James Webb telescope clears functional tests, inches closer to planned 31 Oct launch

The final functional performance tests of the James Webb Space Telescope (JWST), due to launch on 31 October 2021, have been completed. In a blog post published on 1 March, the National Aeronautics and Space Administration (NASA) informed that two comprehensive systems tests have been completed by the testing teams at Northrop Grumman. The internal electronics and communication links on the spacecraft and its four scientific instruments was also tested successfully, as per the post.

NASA also collaborated with the Baltimore Space Telescope Science Institute to carry out the ground segment test. Once the technicians completed the comprehensive tests, preparations for the ground test were also begun.

 James Webb telescope clears functional tests, inches closer to planned 31 Oct launch

The fully assembled James Webb Space Telescope with its sunshield and ‘unitized pallet structures’ (which fold up around the telescope for launch) are seen partially deployed to an open configuration for telescope installation. Image: NASA/Chris Gunn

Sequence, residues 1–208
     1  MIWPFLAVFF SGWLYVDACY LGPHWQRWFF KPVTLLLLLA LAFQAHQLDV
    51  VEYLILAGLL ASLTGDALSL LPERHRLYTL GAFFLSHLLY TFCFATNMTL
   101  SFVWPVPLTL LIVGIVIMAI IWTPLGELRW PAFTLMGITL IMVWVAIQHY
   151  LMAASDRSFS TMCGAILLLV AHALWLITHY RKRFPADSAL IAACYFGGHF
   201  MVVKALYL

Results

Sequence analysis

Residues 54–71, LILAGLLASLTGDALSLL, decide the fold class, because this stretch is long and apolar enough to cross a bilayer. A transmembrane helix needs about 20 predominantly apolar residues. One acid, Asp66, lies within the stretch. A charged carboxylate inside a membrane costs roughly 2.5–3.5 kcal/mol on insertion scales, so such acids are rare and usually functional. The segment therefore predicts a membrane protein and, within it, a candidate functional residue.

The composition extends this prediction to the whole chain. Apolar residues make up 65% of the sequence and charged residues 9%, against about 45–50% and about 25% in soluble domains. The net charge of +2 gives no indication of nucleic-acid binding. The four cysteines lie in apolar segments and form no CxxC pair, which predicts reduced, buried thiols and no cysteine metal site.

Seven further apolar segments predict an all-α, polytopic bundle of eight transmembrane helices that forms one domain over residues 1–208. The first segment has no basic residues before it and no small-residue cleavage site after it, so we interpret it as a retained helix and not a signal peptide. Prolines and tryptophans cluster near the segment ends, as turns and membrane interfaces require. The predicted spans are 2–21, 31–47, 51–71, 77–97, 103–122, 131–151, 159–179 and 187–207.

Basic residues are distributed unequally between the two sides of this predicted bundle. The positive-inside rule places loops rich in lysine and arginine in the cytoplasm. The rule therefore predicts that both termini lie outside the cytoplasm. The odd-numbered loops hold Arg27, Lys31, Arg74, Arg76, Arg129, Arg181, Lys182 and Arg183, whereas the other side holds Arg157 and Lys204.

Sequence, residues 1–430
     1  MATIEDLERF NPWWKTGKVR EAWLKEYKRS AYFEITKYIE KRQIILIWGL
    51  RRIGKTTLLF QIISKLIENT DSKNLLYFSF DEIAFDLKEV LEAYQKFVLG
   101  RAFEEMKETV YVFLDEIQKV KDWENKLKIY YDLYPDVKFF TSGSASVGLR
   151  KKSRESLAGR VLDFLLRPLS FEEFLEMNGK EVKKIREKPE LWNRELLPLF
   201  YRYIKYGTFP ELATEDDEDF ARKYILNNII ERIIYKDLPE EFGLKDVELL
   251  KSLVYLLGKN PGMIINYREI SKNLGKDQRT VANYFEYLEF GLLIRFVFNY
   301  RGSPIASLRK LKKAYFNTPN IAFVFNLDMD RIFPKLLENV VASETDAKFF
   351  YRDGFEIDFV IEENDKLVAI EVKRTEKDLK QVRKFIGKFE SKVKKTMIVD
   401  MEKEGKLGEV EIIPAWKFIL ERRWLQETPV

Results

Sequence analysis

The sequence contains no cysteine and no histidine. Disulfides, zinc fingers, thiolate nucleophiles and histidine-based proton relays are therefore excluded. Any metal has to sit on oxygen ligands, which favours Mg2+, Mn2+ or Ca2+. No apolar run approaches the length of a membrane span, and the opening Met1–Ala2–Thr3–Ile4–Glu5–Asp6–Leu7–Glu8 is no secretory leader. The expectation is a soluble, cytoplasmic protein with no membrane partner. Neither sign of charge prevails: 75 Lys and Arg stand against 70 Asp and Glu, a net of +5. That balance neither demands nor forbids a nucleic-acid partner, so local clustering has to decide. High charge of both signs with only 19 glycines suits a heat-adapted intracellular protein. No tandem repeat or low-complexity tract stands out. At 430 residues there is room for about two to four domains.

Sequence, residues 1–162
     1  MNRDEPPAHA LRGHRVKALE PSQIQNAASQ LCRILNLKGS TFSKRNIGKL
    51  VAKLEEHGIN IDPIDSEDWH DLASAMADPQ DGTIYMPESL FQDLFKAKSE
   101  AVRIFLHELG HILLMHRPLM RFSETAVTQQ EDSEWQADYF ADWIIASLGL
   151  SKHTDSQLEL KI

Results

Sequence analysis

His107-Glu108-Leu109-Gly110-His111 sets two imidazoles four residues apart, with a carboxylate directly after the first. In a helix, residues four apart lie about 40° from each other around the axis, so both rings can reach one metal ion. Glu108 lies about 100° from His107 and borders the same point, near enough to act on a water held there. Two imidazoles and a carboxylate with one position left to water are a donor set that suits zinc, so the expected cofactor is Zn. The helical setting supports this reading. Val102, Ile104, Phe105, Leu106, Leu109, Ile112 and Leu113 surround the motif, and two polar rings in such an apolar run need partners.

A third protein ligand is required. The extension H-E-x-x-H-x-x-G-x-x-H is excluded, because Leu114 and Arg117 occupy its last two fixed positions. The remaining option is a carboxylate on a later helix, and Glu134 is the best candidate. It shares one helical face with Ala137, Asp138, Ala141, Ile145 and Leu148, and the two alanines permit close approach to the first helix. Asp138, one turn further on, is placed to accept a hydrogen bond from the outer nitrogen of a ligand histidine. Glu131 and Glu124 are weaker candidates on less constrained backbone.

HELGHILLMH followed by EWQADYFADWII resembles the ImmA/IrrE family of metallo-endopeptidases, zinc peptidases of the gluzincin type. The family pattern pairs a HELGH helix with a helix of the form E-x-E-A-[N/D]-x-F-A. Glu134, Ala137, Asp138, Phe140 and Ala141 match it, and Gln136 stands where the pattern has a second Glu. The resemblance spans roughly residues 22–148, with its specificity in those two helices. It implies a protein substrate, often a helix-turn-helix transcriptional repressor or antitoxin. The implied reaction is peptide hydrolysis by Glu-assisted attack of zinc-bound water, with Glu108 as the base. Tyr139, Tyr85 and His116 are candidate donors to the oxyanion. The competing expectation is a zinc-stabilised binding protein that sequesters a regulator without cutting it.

The James Webb Space Telescope is being manufactured in collaboration between European Space Agency (ESA), Canadian Space Agency (CSA) and NASA. It is an infrared telescope with a primary mirror of 6.5 metre. The process of developing the Webb Telescope was supervised by NASA’s Goddard Space Flight Centre.

Northrop Grumman, where the functional tests have been conducted, is the industry partner on the telescope project. The operation of the James Webb will be done by the Space Telescope Science Institute.

The telescope is a successor of NASA’s Hubble Telescope and is going to complement and extend its discoveries.

The JWST is slated for launch from French Guiana on an Ariane 5 rocket on 31 October 2021. The telescope will be the premier observatory of the coming decade.